At this morning, after feeding Violet and putting her to bed, I looked out the window to see the snow’s progress. I think all teachers pay extra attention to weather forecasts from November through March, and last night’s called for snow. The possibility of a snow day hung in the air like sex on the third date. Once upon a time, when I was studying to be a teacher, I wrote in some required “reflection” assignment how I wanted to become a teacher who would be disappointed by a snow day, and I hoped my future students would feel the same. Maybe it was a naive thought – okay, it definitely was. Is it even possible? I want to believe it is, and I want to believe I’m capable of it. But a snow day is such a beautiful thing, on so many levels, and now, with the difficulty of pulling myself away from my two beautiful, slumbering girls every morning – I don’t know if I’ll ever get there. And six or seven years from now, when I’m woken up by the sweet sound of a 5 AM “school is closed today” call, and I know a day with my little girl awaits – a day of snowshoeing, animal tracking, snow shelter building, and hot cocoa, I can’t picture myself thinking, “Damn!” Maybe it’ll happen after she goes off to college.

62 days old

Thursday, January 20, 2011

A Shot of Angry

Violet is two months old today and we “celebrated” with a visit to the pediatrician (for some reason, I keep wanting to say “vet”). She’s up to 11 lbs., 12 oz., a weight that tells us she’s gained more than an ounce a day since the beginning of the month. That’s a good thing; our doctor said she rarely sees babies grow so well across all areas. Violet could be the vegan poster child.

Weeks of research into vaccines left us open to just one of the seven they wanted to give her today, and although I knew it was for Violet’s own good, that it was all part of being a parent, and that I had to just watch and console her as best I could, I wasn’t prepared for what I felt when it actually happened. That sliver of a needle pierced her skin, her face turned purple, and she cried so hard that it was one of those horrible, silent cries. I watched it happen, and I wanted to rip the syringe out and throw the nurse through the wall. I felt it for a moment, the instinct to protect that is there despite all reason and rational thought.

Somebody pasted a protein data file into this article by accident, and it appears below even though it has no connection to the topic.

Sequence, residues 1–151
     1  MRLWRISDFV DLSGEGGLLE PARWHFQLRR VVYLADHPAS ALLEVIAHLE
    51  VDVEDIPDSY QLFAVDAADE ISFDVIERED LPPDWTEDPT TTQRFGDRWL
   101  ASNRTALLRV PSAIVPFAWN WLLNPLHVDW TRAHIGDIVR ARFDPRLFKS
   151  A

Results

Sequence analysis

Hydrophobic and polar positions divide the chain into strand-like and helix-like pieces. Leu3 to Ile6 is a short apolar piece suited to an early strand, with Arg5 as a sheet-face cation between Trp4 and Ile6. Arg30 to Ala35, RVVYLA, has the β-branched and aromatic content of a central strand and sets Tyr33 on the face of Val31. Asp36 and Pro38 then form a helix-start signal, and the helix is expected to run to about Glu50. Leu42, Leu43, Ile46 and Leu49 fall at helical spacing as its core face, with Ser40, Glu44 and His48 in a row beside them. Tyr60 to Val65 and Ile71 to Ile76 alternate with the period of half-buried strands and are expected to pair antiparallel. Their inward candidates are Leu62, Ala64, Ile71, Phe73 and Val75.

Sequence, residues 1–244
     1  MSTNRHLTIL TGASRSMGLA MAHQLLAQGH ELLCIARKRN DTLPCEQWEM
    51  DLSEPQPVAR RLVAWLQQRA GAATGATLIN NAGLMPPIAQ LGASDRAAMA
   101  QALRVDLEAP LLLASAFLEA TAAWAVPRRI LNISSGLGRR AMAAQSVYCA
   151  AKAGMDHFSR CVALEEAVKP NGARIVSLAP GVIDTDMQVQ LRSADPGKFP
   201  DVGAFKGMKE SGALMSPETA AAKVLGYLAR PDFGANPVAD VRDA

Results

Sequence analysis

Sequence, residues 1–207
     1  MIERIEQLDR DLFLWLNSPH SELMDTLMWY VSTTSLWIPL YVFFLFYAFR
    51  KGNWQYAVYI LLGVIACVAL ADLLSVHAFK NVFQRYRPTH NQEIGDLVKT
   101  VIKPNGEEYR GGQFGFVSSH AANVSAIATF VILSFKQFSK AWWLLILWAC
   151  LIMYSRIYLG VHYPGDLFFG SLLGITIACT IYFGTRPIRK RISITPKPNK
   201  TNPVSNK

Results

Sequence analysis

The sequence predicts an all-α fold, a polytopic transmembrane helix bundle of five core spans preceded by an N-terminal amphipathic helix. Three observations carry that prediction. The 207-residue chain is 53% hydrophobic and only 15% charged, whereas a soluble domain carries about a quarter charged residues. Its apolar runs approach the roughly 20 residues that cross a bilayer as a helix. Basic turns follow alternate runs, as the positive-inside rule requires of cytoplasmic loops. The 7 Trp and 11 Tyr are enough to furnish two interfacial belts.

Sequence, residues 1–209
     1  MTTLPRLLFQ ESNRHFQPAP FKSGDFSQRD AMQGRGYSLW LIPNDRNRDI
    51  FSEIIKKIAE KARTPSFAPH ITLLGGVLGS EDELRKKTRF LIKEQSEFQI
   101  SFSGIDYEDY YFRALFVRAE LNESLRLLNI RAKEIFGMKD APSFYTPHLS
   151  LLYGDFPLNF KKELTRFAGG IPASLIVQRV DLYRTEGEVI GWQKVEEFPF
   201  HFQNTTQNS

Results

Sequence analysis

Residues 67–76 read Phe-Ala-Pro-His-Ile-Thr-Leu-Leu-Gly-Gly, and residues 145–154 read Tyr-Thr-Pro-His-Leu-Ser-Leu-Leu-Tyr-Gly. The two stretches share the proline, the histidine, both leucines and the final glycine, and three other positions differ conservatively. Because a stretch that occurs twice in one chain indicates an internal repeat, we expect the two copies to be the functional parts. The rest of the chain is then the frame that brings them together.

61 days old

Wednesday, January 19, 2011

Keep An Open Mind

I’ve encountered a lot of debates lately – debates about guns, vaccines, veganism, Barbie dolls (maybe I’ll write more about the great Barbie doll debate some other night), but all of this back-and-forth exchange of ideas leaves me with another impression; an idea I hope to instill in Violet: always be ready and willing to change your mind, especially in the presence of a new perspective or new information. With that idea in her head, she’ll never make it as a pundit or politician, but her life will be less frustrating.

60 days old

Tuesday, January 18, 2011

Chest Warmer

I came home from a long day and stretched out on the couch, Violet on my chest, her feet curled up underneath her, arms tucked up to her chest. Hands down, it was the best part of my day.

59 days old

Monday, January 17, 2011

Don't Look Back

This weekend was the first weekend that we had no visitors coming to see Violet. It was just us, and it gave me the chance to see what our weekends will be like for the foreseeable future. Back when Linda was pregnant, I wrote about how I thought our Sundays might go – those days when we sleep in and make a big breakfast and often never get out of our pajamas. I figured they wouldn’t be too different, and so far, I seem to be right. What I didn’t write then was that I was also wondering if I would miss the days when it was just Linda and me (Yes, I know that was selfish of me. I’m not proud of it.). Would I miss those Friday nights when we’d suddenly decide to go the movies or Saturdays when we would, on the spur of the moment, drive to Rochester? Before the baby arrived, a male friend of Linda’s with two kids told her that once your children arrive, “You never look back,” and I have to say that so far, he’s right. I haven’t thought much about what life was like before, and when I do, I don’t miss it. It’s more like looking back at someone else’s life – some guy that got more sleep – and I feel no envy because there’s no Violet in his life. She’s here, in my life now, so why would I want to be anywhere else? I asked Linda tonight if she thought that we would grow to miss our footloose, childless days at some point in the future, since all of this was still fairly new and exciting. She didn’t hesitate. “No, Violet will be there - doing everything with us.”

58 days old

Sunday, January 16, 2011

Who's Baby Was That?